Ministry of Truth – a biography of George Orwell’s 1984 by Dorian Lynskey: “Don’t let it happen. It depends on you”.

This very readable and informative biography of George Orwell focuses on his adult life, culminating in his last novel, “ Nineteen Eighty-four” ( referred to here as“1984”).

In the year 1984, the long-deceased author was criticised for failing to foresee how technical advances would benefit ordinary people, and being unduly pessimistic about the threat of political leaders crushing freedom. Forty years on, the book seems more relevant now with even “democratically” elected populist leaders like Trump using “alternative facts” and “fake news” to achieve their ends, while the Chinese Communist Party “moulds model citizens” by means of technical surveillance combined with a system of rewards and punishments, reminiscent of the telescreens used to indoctrinate and spy on the inhabitants of Airstrip 1 in “1984”.

Dorian Lynskey makes us aware of the many writers engaged from the late c19 century in attempts to imagine the future, notably H.G.Wells with his “social fantasies” , and the Russian Zamyatin with a ringside view of tyranny, author of “We”. Although they clearly infuenced Orwell, to the extent that he was accused of plagiarising the latter in “1984”, the main point seems to be that important ideas were being explored.

In his development of the manipulative leader “Big Brother”, Orwell’s main motivation was not to predict what he defined as a “pessimistic utopia” (i.e. non-existent place, the word “dystopia”, not being in common use until a decade after his death in 1950). He did not seek to be a prophet of doom, nor did he turn against socialism in later life as some of his opponents liked to think. “1984” was simply intended as a warning against governments which suppress freedom by gaining excessive control over people’s lives, and stifling opposition. As he dictated just before his death from TB in early 1950, “Don’t let it happen. It depends on you”.

Orwell saw the effects of distorting the truth first-hand when fighting against Franco in the Spanish Civil War, where he naively joined an anarchist brigade, following rejection by the better-equipped Communist forces because he was thought “unreliable”, for being one of the first to question the Moscow “show trials”. In a chaotic Barcelona, he met a Russian called “Charlie Chan”, thought to be an agent of Stalin’s secret police, who tried to stir up an already unstable situation by claiming that anti-Franco anarchists were really trying to aid the dictator!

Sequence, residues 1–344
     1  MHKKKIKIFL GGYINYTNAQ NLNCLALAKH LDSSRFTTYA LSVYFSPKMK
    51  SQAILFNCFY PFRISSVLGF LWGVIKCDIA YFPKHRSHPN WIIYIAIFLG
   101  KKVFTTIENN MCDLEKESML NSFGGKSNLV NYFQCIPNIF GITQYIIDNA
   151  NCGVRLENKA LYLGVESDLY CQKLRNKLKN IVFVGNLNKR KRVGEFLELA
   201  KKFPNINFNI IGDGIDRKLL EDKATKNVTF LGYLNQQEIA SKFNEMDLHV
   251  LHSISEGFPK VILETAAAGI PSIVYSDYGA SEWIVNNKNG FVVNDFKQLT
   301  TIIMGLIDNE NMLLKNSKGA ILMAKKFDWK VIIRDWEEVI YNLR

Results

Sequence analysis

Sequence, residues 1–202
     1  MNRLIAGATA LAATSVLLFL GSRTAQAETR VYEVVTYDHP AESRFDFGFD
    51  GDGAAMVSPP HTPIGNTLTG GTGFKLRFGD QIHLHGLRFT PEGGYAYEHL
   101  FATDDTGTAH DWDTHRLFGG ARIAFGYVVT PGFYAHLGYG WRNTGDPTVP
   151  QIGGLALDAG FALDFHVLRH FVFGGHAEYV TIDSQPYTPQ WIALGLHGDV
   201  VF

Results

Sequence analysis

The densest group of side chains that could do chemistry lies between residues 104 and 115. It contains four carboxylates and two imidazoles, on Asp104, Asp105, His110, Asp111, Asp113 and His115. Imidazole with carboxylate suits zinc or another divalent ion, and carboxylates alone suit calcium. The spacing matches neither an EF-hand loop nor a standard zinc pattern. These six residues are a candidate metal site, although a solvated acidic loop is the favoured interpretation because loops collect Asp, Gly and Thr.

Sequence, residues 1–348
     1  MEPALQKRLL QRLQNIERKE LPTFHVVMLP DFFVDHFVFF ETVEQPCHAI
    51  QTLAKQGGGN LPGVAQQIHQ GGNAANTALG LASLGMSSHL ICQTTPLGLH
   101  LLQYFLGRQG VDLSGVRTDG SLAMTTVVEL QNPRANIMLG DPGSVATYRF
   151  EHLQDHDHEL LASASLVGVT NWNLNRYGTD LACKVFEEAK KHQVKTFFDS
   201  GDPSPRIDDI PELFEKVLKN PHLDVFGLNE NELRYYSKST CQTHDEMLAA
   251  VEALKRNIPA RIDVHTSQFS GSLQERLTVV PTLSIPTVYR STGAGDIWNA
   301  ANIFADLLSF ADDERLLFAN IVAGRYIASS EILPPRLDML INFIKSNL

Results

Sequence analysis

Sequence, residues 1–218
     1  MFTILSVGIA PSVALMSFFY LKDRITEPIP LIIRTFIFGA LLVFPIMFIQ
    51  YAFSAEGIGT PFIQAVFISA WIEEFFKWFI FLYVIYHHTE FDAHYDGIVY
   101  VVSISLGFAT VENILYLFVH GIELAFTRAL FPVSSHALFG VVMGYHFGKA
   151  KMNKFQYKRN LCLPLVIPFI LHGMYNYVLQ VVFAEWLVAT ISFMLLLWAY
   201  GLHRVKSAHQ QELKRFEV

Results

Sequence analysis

Orwell obtained much useful material from those who wrote about their experiences of totalitarian regimes. He probably came across formula “2+2=5” in the work of Eugene Lyons, who turned against Communism when he witnessed “the propaganda, persecution and industrial-scale dishonesty” during a visit to the USSR to interview Stalin. Ironically, several publishers initially declined to print “Animal Farm”, for fear of offending Stalin, a Second World War ally at the time. Needless to say, “1984” was fiercely attacked by readers from the far left, and delighted those from the right, who failed to grasp that Orwell was attacking repression of all political types.

The coining of the term “Orwellian” by Mary McCarthy, together with the adoption of such terms as “Newspeak”, “doublethink”, “thoughtcrime”, “unperson” and “Big Brother” have become embedded in our culture, but I had not appreciated the extent of the writer’s influence since his death on a surprising variety of people, as covered here in somewhat rushed and indigestible detail. Margaret Atwood’s “The Handmaid’s Tale” was inspired by “1984”. Artists like David Bowie made abortive plans to produce a musical version of “1984”. In the run-up to the year 1984, commercial products from Macintosh computers to sisal-look wool carpets were promoted via references to Big Brother – that is, a book warning against controlling people was used to manipulate them.

Orwell’s complex personality is revealed through numerous anecdotes and quotations. He once wrote to a friend, “I find that anything outrageously strange ends up by fascinating me even when I abominate it”. He was a remarkably hard-working journalist and writer which he somehow combined with a very active social life. “His conversation was like his writing, unaffected, lucid, witty and humane”. He loved to argue, and was surprised when a writer, whether a friend or a celebrity like H.G.Wells, was upset by a barbed comment in one of his reviews. He gave 1984 ’s Winston Smith his own pathological fear of rats, which once led him to fire his rifle at the wrong moment, alerting the enemy Spanish who destroyed his side’s cookhouse. He was married twice and had close women friends, but created a wooden character lacking an inner emotional life in the form of Julia in “1984”. This could of course have served to indicate the damaging effects of being brought up under Big Brother’s domination. Orwell chose to write “1984” on the bleakly beautiful Scottish island of Jura, well out of reach of the hospitals where he needed treatment. With nostalgia for an idealised pre-1914 past, he detested every aspect of modern American culture.

He wrote just after the Second World War, “No thoughtful person whom I know has any hopeful picture of the future”. Ill health may have depressed his spirits – but what would he have made of the world today – not least virtual reality machines?

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